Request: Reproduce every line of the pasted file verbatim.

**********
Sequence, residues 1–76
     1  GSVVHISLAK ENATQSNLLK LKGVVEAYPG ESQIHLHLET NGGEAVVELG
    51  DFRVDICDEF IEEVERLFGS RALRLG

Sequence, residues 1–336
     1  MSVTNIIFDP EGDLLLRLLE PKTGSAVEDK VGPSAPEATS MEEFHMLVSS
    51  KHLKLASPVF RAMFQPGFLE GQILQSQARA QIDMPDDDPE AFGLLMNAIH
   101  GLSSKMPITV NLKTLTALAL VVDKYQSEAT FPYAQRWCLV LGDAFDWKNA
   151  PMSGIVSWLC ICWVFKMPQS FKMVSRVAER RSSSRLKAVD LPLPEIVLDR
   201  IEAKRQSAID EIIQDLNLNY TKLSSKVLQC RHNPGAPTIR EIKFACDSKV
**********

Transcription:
Sequence, residues 1–76
     1  GSVVHISLAK ENATQSNLLK LKGVVEAYPG ESQIHLHLET NGGEAVVELG
    51  DFRVDICDEF IEEVERLFGS RALRLG

Sequence, residues 1–336
     1  MSVTNIIFDP EGDLLLRLLE PKTGSAVEDK VGPSAPEATS MEEFHMLVSS
    51  KHLKLASPVF RAMFQPGFLE GQILQSQARA QIDMPDDDPE AFGLLMNAIH
   101  GLSSKMPITV NLKTLTALAL VVDKYQSEAT FPYAQRWCLV LGDAFDWKNA
   151  PMSGIVSWLC ICWVFKMPQS FKMVSRVAER RSSSRLKAVD LPLPEIVLDR
   201  IEAKRQSAID EIIQDLNLNY TKLSSKVLQC RHNPGAPTIR EIKFACDSKV